We all want lead to go away, but it hasn’t been that easy, because a relatively small but crucial percentage of airplanes still need 100LL. Heavy-breathing piston engines need higher octane and some way to tame that higher-octane fuel. That mitigating chemical agent has always been lead. The PAFI program aims to find another alternative, and the prospects are promising.

Still, you might be surprised by how many airplane engines can do fine with unleaded avgas. I was.

Ziulkowski told me that there are actually a lot more candidates for UL94 than even Swift Fuels realized when it started the project. For starters, all the airplanes that qualify under one of the STCs for using auto fuel (via EAA or Petersen Aviation) are eligible. On top of that, airframe/engine combinations (it’s complicated, but that’s the way you need to think about these approvals) that were approved for 80 Octane can use UL94 too. On top of that, there are tens of thousands of planes that were approved to use 100LL at a time when that was the only fuel available. All of Cessna’s new 172s, which use the same Lycoming powerplants as previous models approved for 80 Octane, are theoretically able to use UL94 too, though they need approval to do so. On top of that, many thousands of homebuilt, LSA and other experimental aircraft can use the new unleaded fuel from Swift Fuels.

It’s not just an alternative to 100LL, Ziulkowski said: it’s the superior product. Ziulkowski told me that while most pilots think of lead as a lubricant, it’s actually very much the opposite. He showed me a carburetor body that had lead deposits in it, proof, he said, that lead does bad things to engines, especially the ones that can run without it.

He also claimed that those operators running their Rotax 912 engines on UL94 have seen maintenance intervals increase and unscheduled maintenance events decrease. Lockwood Aviation, the biggest Rotax service center in the United States, uses UL94 in its airplanes exclusively and has been delighted with the experience. Purdue University’s Able Flight program, which provides training to people with disabilities, is also using UL94 exclusively and, according to Ziulkowski, wouldn’t have it any other way. Happy customers are a great sign.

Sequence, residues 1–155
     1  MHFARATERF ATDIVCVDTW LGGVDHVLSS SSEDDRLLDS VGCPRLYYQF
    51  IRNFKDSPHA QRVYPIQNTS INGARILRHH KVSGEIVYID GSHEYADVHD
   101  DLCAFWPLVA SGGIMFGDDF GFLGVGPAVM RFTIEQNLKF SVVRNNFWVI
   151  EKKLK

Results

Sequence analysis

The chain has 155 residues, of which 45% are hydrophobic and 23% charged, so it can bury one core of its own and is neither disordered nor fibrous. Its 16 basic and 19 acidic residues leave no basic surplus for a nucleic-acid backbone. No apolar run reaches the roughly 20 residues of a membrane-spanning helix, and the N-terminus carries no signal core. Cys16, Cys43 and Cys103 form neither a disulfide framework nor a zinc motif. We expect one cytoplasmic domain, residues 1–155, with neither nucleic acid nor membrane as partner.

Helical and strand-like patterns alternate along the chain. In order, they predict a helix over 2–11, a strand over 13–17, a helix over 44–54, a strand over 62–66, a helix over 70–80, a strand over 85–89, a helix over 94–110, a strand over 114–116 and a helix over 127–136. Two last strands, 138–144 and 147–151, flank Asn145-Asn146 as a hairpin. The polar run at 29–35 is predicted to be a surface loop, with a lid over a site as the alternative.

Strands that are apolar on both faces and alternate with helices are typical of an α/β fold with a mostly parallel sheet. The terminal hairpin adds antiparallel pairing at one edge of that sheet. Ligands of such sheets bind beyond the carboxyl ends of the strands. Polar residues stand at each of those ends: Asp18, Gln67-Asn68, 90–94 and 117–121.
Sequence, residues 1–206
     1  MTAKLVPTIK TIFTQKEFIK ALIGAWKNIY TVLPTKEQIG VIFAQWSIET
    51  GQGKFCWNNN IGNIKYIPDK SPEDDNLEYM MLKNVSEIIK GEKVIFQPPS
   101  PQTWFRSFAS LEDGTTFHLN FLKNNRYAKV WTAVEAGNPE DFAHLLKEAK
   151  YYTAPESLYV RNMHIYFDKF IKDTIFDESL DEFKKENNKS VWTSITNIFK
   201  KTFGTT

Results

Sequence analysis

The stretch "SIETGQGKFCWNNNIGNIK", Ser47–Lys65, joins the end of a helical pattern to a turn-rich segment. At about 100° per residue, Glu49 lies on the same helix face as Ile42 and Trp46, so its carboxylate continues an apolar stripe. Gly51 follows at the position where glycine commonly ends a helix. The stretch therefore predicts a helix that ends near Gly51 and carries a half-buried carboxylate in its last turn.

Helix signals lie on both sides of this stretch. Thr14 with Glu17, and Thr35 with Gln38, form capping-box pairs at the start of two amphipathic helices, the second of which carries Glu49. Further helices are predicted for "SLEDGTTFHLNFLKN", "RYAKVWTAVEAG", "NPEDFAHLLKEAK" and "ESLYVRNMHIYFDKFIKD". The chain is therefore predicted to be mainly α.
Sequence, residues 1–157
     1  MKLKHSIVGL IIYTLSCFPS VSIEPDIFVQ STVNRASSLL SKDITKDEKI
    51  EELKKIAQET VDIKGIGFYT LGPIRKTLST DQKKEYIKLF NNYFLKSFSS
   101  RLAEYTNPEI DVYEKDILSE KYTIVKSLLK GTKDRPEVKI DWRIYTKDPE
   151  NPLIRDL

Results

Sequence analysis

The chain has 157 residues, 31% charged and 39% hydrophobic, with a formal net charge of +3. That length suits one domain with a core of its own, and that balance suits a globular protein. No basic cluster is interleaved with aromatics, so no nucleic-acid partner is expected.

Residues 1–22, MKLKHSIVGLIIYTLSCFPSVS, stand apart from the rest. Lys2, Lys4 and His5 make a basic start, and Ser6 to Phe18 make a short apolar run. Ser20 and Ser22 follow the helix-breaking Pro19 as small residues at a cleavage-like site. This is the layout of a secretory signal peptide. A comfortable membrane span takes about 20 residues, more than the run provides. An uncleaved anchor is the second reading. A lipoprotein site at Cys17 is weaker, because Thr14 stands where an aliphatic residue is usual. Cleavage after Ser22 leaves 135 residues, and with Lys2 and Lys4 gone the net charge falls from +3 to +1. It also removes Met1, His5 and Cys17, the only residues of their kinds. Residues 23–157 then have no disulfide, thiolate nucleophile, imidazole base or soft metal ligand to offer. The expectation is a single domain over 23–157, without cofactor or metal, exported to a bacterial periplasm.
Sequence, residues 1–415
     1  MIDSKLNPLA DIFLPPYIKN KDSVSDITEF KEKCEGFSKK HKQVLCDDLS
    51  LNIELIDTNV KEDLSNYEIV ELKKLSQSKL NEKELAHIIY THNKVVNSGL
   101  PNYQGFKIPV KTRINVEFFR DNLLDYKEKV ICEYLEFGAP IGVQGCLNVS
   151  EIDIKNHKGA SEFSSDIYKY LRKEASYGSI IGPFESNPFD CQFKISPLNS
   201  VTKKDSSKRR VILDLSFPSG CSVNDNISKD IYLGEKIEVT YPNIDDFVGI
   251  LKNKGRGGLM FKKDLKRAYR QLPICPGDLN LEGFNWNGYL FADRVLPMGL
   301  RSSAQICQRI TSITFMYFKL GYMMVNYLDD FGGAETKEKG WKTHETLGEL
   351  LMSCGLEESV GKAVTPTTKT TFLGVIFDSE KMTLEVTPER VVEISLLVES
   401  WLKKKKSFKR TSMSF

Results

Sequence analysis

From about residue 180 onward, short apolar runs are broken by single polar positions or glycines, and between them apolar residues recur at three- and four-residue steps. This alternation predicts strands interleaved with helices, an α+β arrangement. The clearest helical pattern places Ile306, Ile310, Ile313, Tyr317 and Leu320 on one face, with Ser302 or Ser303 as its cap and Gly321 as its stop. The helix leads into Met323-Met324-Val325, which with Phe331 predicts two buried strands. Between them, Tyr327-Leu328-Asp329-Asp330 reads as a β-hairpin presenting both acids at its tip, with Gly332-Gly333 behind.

I know what you’re all wondering: How much does it cost? I asked that question and was greeted by a sigh from Ziulkowski. The answer, as it often is with complex issues, is that it depends. Swift Fuels, which manufactures and distributes (on its own or with a partner) UL94, is only responsible for the wholesale price of the fuel. What FBOs charge for it at the pump is up to them. So how much does UL94 cost? Well, it depends on where you get it and when. All that said, Ziulkowski said that the fuel was cost-competitive with 100LL in most places, cheaper sometimes and a little more other times. Fuel prices are volatile, but he said that the overall trend was for it to be about a wash for pilots who would otherwise have to use 100LL.

And the next question, unfortunately, is even more complicated. Where can you get it? There are around 50 airports where the fuel is available, Ziulkowski said. Most are in the Southeastern or Midwestern United States. But Ziulkowski expects the rate of adoption by airports nationwide to pick up steam as the word spreads about this new fuel option. For now, to find out where you can get UL94, visit swiftfuels.com. The company is working with the FAA and with data distributors like ForeFlight, Seattle Avionics, Garmin and Jeppesen, as well as the FAA, to add the UL94 category to its databases so pilots can find it just by looking at their favorite app. In the meantime, we all need to check out SwiftFuels web page, perhaps while urging the FAA to fix things.